Donald Trump’s decertification of the Iran nuclear accord, also known as the Joint Comprehensive Plan of Action (JCPOA), drew an immediate reaction from Iranian president Hassan Rouhani, who derided Trump’s “ignorance” as well as his bullying rhetoric on Iran.
Rouhani kept up the counter-offensive earlier today in a meeting with the new Swiss ambassador to Tehran by asserting that any damage to the JCPOA is tantamount to undermining the security and stability of the region and the wider world.
Beyond official reaction, ordinary Iranians have reacted strongly on social media to Trump’s blistering attack on their country and his depiction of the Islamic Republic in the starkest terms possible.
Another striking, if not unexpected, aspect of Trump’s speech was his forceful attack on the Islamic Revolutionary Guards Corps (IRGC) which he misleadingly referred to as “the Iranian supreme leader’s corrupt personal terror force”. However, Trump stopped short of designating the IRGC as a terrorist organisation, a move that senior Iranian officials had warned would be tantamount to a declaration of war.
Trump’s conflation of the nuclear accord with Iran’s regional policy is at the heart of his decertification of the JCPOA. Moreover, this conflation takes as its locus the IRGC, which is at the forefront of formulating and implementing Iran’s policies in Syria, Iraq and Yemen, in addition to guiding policy on regional enemies Saudi Arabia and Israel.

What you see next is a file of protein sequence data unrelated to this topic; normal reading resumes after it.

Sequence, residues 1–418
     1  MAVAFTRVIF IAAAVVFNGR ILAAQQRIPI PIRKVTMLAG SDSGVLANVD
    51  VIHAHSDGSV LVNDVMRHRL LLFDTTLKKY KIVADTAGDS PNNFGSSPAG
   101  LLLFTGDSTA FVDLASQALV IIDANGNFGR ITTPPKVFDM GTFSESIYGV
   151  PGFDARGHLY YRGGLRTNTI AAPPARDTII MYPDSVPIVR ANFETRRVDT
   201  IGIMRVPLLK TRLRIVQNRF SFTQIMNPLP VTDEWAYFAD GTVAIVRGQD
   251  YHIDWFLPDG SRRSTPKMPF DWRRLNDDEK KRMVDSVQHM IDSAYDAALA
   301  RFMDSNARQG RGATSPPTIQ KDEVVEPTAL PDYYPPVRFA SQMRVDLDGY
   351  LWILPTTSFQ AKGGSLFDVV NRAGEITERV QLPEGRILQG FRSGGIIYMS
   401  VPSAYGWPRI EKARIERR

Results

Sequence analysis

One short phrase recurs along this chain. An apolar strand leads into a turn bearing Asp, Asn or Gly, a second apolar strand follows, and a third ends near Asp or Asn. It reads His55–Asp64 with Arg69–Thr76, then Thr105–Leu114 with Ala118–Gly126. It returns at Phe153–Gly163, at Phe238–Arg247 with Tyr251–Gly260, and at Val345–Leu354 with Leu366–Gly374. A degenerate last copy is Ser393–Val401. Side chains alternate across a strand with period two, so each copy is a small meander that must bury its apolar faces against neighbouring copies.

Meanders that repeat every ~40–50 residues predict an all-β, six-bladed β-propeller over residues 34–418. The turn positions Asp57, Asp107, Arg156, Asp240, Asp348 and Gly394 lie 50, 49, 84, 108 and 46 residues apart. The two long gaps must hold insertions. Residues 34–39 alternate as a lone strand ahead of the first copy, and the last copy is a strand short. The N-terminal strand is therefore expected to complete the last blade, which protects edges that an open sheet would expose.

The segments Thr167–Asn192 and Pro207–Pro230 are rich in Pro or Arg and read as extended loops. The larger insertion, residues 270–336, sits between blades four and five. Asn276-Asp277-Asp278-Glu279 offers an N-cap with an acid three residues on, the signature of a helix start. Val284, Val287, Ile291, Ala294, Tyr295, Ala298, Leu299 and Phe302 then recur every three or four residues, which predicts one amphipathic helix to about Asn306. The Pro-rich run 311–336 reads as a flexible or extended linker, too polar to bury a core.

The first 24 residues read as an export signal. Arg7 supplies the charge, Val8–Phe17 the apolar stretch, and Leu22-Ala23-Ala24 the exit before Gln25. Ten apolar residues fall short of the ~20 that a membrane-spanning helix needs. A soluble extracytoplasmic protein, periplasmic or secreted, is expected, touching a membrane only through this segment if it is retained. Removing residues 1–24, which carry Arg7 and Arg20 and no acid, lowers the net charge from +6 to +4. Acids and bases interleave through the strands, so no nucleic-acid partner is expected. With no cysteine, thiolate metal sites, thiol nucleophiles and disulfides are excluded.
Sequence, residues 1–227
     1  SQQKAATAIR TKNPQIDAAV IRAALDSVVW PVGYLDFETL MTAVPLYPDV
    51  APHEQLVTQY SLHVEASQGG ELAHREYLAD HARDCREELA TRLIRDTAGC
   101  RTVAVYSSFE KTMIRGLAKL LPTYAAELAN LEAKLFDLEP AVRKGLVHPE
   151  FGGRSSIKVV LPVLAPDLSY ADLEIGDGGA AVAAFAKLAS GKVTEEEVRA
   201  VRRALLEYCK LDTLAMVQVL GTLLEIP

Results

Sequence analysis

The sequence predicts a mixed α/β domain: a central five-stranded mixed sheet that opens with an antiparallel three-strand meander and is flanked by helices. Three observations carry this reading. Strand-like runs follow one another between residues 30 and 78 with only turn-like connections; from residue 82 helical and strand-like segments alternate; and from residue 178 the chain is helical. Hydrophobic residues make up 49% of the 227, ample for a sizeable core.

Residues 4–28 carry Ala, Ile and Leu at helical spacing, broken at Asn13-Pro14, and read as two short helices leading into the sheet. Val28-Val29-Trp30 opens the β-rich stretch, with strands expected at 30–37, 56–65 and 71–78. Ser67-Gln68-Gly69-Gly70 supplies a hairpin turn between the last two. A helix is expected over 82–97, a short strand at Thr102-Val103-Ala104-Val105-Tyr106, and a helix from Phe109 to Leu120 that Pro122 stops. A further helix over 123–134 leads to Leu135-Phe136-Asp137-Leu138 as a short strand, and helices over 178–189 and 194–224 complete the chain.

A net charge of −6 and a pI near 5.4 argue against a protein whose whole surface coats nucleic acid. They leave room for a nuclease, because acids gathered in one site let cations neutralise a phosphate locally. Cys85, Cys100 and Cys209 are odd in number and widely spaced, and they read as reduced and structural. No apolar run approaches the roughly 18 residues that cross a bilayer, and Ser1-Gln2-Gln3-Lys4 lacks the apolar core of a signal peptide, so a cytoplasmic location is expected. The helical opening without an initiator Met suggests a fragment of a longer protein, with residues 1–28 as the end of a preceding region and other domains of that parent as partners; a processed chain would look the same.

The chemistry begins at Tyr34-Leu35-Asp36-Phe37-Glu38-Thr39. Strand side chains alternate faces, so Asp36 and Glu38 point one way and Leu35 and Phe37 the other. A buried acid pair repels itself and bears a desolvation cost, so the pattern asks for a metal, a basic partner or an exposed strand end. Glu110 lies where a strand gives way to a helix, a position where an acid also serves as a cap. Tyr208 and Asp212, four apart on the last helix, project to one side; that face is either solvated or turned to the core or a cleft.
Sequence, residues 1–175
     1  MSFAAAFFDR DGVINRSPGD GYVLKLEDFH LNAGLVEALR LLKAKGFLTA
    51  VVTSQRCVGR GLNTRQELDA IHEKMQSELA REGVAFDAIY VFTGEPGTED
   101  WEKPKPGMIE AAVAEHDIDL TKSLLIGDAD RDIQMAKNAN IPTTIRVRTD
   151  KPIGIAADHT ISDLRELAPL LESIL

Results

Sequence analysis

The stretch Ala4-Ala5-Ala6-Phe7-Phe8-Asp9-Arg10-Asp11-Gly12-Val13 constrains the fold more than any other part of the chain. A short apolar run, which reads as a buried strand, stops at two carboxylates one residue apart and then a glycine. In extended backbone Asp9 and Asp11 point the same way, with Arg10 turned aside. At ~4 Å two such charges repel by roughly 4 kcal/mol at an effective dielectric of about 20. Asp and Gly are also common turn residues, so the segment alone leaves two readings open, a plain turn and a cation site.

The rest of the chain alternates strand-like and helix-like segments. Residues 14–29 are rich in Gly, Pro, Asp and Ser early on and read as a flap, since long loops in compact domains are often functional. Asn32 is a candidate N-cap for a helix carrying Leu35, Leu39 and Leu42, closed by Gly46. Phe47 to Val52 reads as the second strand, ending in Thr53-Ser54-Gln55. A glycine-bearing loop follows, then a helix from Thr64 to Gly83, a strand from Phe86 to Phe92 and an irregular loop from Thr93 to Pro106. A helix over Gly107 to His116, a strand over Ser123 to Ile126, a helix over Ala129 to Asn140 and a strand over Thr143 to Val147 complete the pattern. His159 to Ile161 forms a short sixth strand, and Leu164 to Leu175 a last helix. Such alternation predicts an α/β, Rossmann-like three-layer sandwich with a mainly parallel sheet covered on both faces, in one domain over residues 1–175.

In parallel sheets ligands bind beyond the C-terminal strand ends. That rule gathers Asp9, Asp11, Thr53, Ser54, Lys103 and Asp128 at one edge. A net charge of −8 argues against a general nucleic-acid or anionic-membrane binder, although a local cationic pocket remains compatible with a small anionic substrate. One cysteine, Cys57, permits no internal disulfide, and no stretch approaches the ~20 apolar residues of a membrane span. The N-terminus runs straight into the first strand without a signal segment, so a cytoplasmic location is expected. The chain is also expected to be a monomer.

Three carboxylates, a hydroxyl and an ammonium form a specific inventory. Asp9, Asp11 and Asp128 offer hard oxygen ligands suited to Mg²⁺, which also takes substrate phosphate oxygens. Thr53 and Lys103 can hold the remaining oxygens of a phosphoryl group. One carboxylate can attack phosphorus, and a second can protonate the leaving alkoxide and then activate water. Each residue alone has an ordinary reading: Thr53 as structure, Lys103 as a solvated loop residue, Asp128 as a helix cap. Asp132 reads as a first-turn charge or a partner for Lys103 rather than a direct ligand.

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But the IRGC (also known as the “Pasdaran”) high command will not be too worried by the US president’s rhetorical onslaught. For a start, it is not at all clear how the US can push back against the IRGC in regional hotspots without provoking a military confrontation with Iran.
For their part, Pasdaran commanders are likely to seize on this new level of US hostility by pouring more energy and resources into their strategic programmes, in particular their ballistic missile industry. And they will capitalise on renewed public support to rebuild their reputation at home.
Even before his incendiary speech, there were strong signs that Iranian state and society were rallying behind the IRGC in anticipation of hostile US moves. At the highest level, Rouhani set aside his minor disagreements with the IRGC to proclaim that the Pasdaran have a place in the heart of the Iranian people. He also described the IRGC as “beloved by the people of Iran, Iraq, Syria, Lebanon and Iraqi Kurds”.
The IRGC may not be beloved by the entire region as Rouhani suggests, but they are certainly much respected in Iran. This respect is rooted in the Iran-Iraq War, when the Pasdaran and their extensions (in the Basij popular mobilisation forces) were at the forefront of Iran’s war effort and made the lion’s share of sacrifices.
Both in constitutional and institutional terms, the IRGC is Iran’s most important organisation and cannot be reduced to a mere instrument of the leadership. The foundational moment of the Pasdaran’s creation is critical to this analysis: They were formed in May 1979, just three months after the victory of the Iranian revolution. Thus, the Pasdaran embody the collective will of the Iranian revolution and are invested with its physical and ideological protection.
IRGC commander Mohammad Ali Jafari (L) and Iran's Foreign Minister Mohammad Javad Zarif smile during a coordination meeting for the 40th anniversary of the Islamic Revolution on 9 October (Reuters)
The IRGC’s revolutionary foundation, coupled with its constitutional mandate, in addition to the brutal experience of the Iran-Iraq War, has transformed the Pasdaran into a full-fledged tri-service military organisation. This makes Iran the only country in the world with two independent military commands: the regular military and the IRGC.
But the Revolutionary Guards are much more than a military organisation. Their “ideological” mission, defined as protecting the political and ideological boundaries of the Iranian revolution, has led them to develop sophisticated domestic and foreign intelligence units.